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The Psychologist as Expert Witness / Edition 2

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Overview

The leading resource on forensic practice

The Psychologist as Expert Witness, Second Edition introduces practitioners to the law and the role of psychologists in the courtroom, covering all facets of forensic practice-one of the most rapidly growing areas of professional specialization. This comprehensive primer prepares the psychologist to function credibly as an expert witness, identifying the current and emerging areas of application of psychology to the law.

Revealing psychology's enormous potential to promote human welfare through the American system of jurisprudence, former American Psychological Association president Theodore Blau:
* Outlines the ways psychology has come into contact with the court via the areas of neuropsychology, clinical psychology, psychotherapy, mental disability, psychological profiles, various marital and family issues, and others
* Offers a wide range of situations in which psychologists have appeared as expert witnesses
* Includes step-by-step instructions on examining competency to stand trial and making custody recommendations
* Examines cases where psychologists have done well-and not so well-in court
* Discusses malingering, deceit, and exaggeration
* Presents guidelines for testifying in marital, civil, and criminal disputes
* Emphasizes standards for practice and practical training in providing testimony to the courts

The book contains black-and-white illustrations.

A revised and updated edition of the leading resource on forensic psychology, this comprehensive primer introduces psychologists to the legal world, covering all facets of legal practice.

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Editorial Reviews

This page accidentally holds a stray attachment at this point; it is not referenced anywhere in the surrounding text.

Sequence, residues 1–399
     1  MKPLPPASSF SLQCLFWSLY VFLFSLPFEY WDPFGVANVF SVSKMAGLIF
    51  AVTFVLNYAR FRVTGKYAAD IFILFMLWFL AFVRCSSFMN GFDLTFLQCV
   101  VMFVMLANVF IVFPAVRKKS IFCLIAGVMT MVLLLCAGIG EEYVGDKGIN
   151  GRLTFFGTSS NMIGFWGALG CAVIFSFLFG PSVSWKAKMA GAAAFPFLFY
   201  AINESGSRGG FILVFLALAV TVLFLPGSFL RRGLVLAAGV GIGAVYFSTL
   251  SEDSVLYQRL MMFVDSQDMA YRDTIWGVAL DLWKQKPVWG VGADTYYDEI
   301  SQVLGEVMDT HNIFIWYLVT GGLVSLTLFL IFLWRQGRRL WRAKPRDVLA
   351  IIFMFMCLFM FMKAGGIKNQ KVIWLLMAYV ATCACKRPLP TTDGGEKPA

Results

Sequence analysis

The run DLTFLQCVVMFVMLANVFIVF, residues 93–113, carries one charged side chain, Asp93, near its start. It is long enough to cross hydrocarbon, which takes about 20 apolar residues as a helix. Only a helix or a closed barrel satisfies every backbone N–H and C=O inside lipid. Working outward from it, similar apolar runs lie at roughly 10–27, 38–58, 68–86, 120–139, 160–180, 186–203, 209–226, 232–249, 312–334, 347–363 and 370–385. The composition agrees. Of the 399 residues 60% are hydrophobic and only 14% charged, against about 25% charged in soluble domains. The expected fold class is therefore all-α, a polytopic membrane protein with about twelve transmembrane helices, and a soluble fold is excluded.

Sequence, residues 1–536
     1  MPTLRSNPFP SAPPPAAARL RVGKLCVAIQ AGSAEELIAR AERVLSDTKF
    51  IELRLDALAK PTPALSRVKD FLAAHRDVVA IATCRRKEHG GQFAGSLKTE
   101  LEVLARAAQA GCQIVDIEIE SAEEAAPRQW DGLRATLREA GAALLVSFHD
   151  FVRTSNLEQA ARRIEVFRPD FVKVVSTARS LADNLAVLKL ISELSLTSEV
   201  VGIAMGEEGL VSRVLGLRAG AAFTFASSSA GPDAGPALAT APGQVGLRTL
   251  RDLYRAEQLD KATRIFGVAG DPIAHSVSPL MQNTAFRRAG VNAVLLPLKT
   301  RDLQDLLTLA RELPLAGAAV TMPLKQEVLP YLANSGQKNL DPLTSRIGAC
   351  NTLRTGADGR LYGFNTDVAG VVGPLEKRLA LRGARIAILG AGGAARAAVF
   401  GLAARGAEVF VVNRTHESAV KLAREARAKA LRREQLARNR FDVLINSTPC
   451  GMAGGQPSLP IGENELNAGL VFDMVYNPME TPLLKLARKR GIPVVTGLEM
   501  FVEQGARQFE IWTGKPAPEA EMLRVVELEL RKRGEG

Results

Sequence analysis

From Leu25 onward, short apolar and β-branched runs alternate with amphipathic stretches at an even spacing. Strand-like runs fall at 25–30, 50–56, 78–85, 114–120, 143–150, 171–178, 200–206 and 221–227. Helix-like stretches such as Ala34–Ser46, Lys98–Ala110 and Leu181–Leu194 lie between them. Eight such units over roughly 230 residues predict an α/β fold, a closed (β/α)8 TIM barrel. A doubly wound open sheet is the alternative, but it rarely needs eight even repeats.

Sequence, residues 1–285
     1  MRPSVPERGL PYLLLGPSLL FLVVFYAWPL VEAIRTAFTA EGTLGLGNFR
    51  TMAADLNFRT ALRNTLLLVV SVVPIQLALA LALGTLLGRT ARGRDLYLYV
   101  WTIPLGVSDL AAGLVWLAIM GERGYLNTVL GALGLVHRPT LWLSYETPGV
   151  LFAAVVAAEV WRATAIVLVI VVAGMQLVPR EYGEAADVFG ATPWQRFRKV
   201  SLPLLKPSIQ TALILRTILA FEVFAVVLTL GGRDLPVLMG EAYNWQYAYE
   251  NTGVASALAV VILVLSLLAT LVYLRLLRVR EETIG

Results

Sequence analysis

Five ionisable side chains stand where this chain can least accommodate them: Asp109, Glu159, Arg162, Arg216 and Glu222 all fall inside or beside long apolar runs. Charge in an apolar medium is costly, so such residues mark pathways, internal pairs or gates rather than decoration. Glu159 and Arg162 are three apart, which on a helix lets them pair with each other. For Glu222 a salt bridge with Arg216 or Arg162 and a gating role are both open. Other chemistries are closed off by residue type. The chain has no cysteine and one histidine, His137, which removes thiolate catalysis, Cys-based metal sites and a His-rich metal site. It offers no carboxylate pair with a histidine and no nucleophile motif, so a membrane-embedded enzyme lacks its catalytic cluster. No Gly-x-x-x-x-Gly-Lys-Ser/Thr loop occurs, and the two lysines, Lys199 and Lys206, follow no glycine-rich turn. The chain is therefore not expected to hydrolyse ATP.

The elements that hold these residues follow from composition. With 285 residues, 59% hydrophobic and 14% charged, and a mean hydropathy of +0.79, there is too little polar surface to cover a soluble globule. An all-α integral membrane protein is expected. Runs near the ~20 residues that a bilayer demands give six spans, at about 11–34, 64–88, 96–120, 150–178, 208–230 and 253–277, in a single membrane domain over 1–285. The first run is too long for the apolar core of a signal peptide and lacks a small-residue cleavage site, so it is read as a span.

Gene Griffin
In the fifteen years since the first edition, the field of forensic psychology has exploded. Here the editor discusses the role of the psychologist within the court systems. The editor's purpose is to define psychologists' potential as expert witnesses with a primary emphasis on standards for practice. He also offers practical suggestions for providing expert testimony. He succeeds in emphasizing the latest standards for practice but sometimes falls short in presenting a position regarding practical testimony. This book is written for psychologists who are adept in their field and are learning about the court systems. Some of the discussion would also be relevant for social workers and psychiatrists. After a general introduction to the legal system, the book focuses on specific issues where psychologists serve as experts to the court. The editor does a wonderful job of presenting an overall framework for expert testimony. He presents a comprehensive set of appendixes that include guidelines and statistical comparisons. Shortcomings concern a tendency to overstate advice for psychologists regarding court testimony. For example, statements such as ""the reliability and validity of psychiatric opinion in the competency issue are in doubt,"" while praising the value of psychologists' opinions may not be a fair comparison. Also reference to the ""absolute legal rights of criminal defendants and criminal findings of innocence"" is inaccurate (no rights are absolute and a court may find that the state did not prove a defendant guilty but it will not declare a defendant innocent). This is a good book about the issues involved in forensic psychology. It is timely and has an excellentcompilation of rules and guidelines regarding testimony. Other books on forensic psychology issues, such as those titles written by Melton or Grisso may be more useful regarding the specifics of court evaluations, but this book does a good job of presenting an overall framework of the issues.
From The Critics